Reading the News Is Fun and Patriotic, But It Sure Can Make You Anxious
I guess I shouldn't be surprised that one of the great pleasures of my life—reading the New York Times—is also bad for my health.
After all, lamb chops are luscious, but it turns out that red meat, not to mention a perfect side of salty fries, can kill you. Just because you enjoy something doesn't mean that it's good for you.
But being informed about what's going on in the world is supposed to be a virtue, the civic equivalent of exercise. You have to find the time for it, and it's not exactly fun to work your muscles to failure and your heart to 80 percent of 220 minus your age. Still, you're glad you did it, and it actually makes you feel better.
Keeping up with the news should be like that. An informed citizen ought to get a nice buzz from following what's happening. It's part of patriotism. Loving your country requires knowing your country, and knowing about the world it's part of.
But boy can it be depressing. Infuriating, too. Here are some of my Times spit-takes from just the last couple of weeks:
- Nearly six million Americans below the poverty line in 25 states won't get the health insurance the Affordable Care Act gives them because their Republican governors or state legislators are refusing to accept federal money to expand Medicaid.
- Bank lobbyists—big contributors to both Republicans and Democrats on the House Financial Services Committee—basically wrote the bill the committee passed exempting Wall Street from what's left of the Dodd-Frank financial overhaul.
- Apple avoided paying taxes on $74 billion between 2009 and 2012 by creating a subsidiary in Ireland with no physical presence and no employees that hasn't filed a tax return in Ireland, the United States or anywhere else. "It is not a shell company," Apple claimed.
- More active-duty American troops committed suicide over the past 12 years than were killed in Afghanistan.
In Sunday's Times, Nathaniel Rich said that the X-rays emitted by full body scanners used in airports by the Transportation Security Administration were so hazardous he took to calling them cancer machines. His piece is part a series called "Anxiety," which the Times has been running since the start of last year. I don't know why they confine that label there; they might as well put the whole paper under that masthead.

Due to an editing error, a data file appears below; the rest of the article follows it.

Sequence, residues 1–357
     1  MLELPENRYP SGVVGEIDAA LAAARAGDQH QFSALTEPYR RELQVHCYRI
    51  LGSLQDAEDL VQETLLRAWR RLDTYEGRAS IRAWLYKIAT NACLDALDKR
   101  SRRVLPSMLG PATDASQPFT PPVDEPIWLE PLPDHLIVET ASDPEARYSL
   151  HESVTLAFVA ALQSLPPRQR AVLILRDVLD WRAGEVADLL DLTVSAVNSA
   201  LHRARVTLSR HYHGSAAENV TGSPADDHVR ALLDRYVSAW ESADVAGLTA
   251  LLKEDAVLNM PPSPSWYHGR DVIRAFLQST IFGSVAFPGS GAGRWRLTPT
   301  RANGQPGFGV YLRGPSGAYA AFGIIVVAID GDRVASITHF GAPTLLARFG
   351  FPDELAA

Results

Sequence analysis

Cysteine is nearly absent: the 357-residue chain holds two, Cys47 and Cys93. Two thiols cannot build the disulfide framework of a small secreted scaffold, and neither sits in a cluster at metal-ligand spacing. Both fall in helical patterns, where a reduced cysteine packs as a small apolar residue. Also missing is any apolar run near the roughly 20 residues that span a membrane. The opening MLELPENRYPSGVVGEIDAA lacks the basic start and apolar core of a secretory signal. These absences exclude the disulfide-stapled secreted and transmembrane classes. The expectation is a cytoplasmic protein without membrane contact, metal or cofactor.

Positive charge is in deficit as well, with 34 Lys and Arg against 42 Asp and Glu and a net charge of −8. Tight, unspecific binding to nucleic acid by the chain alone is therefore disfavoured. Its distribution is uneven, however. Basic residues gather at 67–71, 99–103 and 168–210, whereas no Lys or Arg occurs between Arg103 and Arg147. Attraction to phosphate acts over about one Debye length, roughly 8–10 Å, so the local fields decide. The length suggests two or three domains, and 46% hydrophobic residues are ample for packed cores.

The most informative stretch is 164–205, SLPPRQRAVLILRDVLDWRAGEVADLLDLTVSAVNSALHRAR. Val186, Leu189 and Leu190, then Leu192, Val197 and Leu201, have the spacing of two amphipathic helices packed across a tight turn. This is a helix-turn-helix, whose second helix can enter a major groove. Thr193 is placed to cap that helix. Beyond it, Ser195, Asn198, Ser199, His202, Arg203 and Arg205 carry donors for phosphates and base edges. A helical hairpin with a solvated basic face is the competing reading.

I got hooked on the Times habit when Mr. Drew, my English and social studies teacher at Burnet Junior High School, told us we could subscribe for something like a nickel a day, and yes, its content would be on our current events quizzes. We were required to know stuff like what cabinet positions Anthony Celebrezze and Willard Wirtz held, and the Times was a good way to keep track of that.
Today, of course, the best journalism in the world, from plenty of sources, is available online, often for no cents a day, and we can access it in video and audio as well, and from anywhere at any time. I realize how much dangerous propaganda and addictive infojunk is also out there; I recognize the risks of confirmation bias, living in the bubble, inhabiting an echo chamber; I know that prestige outlets can sometimes be inaccurate, elitist, partisan, obtuse and hamstrung by archaic professional practices. But informed citizens aren't puppets; they're critical thinkers. Civic literacy is not inherently impossible.
But it can cause such outrage, panic, helplessness, bewilderment—there really should be a consumer warning on the news.
What a downer for democracy. You do your best to keep up, and what you get in return for your effort is something the American Psychiatric Association ought to have put in the fifth edition of the Diagnostic and Statistical Manual. Informed Citizen Disorder: the damage you do to your mood and your blood pressure by watching Bill Moyers or Jon Stewart, listening to Kevin Phillips or Bruce Bartlett and reading the Guardian or the New York Times.
Every so often, I detox from the news. I find that a week of media-free hiking in the high desert provides a pretty decent cleanse. But that doesn't help with the rest of the year. Even if my work didn't require me to drink from the information firehose, I can't quit. Ever since Mr. Drew, it's been drilled into my conscience that it's my responsibility as an American—as a voter—to know what's going on.
Of course, no one has to pass a current events quiz in order to qualify for a ballot. If I suffered from Dumb Voter Disability instead of Informed Citizen Disorder, I'd still get to pick the president. Which, come to think of it, is just one more reason to panic.